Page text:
As part of a series aimed at sharing best practices in preparing applications for Aurora, we highlight researchers' efforts to optimize codes to run efficiently on graphics processing units.
The fundamental interactions between the quarks and gluons that constitute protons and nuclei can be calculated systematically by the physics theory known as lattice quantum chromodynamics (LQCD). These interactions account for 99 percent of the mass in the visible universe, but they can only be simulated with powerful computer systems such as those housed at the U.S. Department of Energy’s (DOE) Argonne Leadership Computing Facility (ALCF).
While a majority of the small army of codes necessary for the study of LQCD was originally written to run well on CPU-based computers—including the ALCF’s Theta machine—the next generation of high-performance computing will derive much of its power from GPUs, as exemplified by the ALCF’s forthcoming Polaris and Aurora systems.
Exascale capabilities promise to expand high energy and nuclear physics by providing the ability to simulate atomic nuclei more realistically than has ever been possible, enabling groundbreaking discoveries about the details of quark-boson coupling foundational to our present understanding of elementary particles.
Given the size of the LQCD suite, preparing the applications for exascale by making them GPU-ready is no small effort.
The project’s three major code bases— Chroma, CPS, and MILC—specialize in different quark discretizations (Wilson-clover, domain-wall, and staggered formulations, respectively) and take advantage of optimized routines available in the QUDA (“QCD in CUDA”) library and Grid code. The project additionally supports two minor code bases, HotQCD, which is optimized for QCD thermodynamics, and QEX, which is intended for high-level development of lattice field theory codes.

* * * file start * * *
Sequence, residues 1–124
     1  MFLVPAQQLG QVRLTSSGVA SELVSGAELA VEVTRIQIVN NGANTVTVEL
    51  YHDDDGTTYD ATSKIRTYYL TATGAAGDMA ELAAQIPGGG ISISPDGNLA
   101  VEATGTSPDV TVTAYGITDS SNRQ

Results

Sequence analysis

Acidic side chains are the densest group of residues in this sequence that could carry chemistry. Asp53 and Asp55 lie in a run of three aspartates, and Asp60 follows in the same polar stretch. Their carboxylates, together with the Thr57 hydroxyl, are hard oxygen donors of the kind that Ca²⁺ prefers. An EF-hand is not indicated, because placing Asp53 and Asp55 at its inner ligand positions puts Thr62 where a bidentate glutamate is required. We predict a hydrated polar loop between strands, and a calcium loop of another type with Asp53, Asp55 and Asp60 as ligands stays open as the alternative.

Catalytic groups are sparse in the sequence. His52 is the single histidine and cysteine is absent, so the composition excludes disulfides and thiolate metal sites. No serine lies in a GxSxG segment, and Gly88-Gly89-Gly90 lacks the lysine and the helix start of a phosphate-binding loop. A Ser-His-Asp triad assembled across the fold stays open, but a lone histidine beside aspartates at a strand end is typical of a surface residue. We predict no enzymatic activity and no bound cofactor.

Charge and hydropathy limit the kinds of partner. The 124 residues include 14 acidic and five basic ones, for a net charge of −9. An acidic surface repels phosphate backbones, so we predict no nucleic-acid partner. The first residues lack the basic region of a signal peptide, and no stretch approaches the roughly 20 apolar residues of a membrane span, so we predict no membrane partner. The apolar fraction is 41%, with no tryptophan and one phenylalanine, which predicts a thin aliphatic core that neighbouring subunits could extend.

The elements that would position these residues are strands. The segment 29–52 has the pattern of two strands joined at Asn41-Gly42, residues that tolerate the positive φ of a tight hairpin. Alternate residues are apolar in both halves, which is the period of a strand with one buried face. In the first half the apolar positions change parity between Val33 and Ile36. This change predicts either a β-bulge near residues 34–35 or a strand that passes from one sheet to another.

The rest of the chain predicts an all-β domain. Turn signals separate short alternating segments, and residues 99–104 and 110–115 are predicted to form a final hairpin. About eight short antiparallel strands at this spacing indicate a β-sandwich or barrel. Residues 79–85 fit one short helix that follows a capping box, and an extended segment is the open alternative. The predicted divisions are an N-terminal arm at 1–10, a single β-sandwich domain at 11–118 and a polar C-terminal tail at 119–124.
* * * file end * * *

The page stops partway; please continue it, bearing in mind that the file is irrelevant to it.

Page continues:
Abstraction is the primary thrust of the porting process; the developers are working to make all the performance critical parts of the LQCD codes completely vendor-independent.
The changes made through the abstraction process are localized to a few backend files that provide functionality for mathematical operations. Once all of these backend and target-specific calls are grouped, they can be replaced or rewritten with higher-level functions that make the code more generic.
This is happening on a large scale to remove CUDA-specific code.
QUDA is the largest code base of any of the components comprising the lattice QCD project. Direct calls to CUDA pervaded its entirety.
GPU-optimized QUDA was developed independently and has its own code base. In contrast to OpenMP and SYCL, CUDA does not offer a unified programming model.
Relying on a conversion tool to prepare the code to run on GPU machines was not a viable option; CUDA-specific code would have to be manually excised and refactored.
As part of the effort to move operations to the backend and genericize the code, the developers are constructing a SYCL backend; Intel, likewise, is adding an extension that expands SYCL’s functions with APIs similar to those of CUDA to make porting as easy as possible for users.
As the other two applications, Grid and HotQCD, already had vendor-independent programming interfaces, the work being done to them is backend-intensive.
Grid was originally a CPU-only code to which GPU support was later added via a CUDA backend; it now has a DPC++ backend as well. Its porting can be seen as twofold: from CPU to GPU, and from CUDA to DPC++.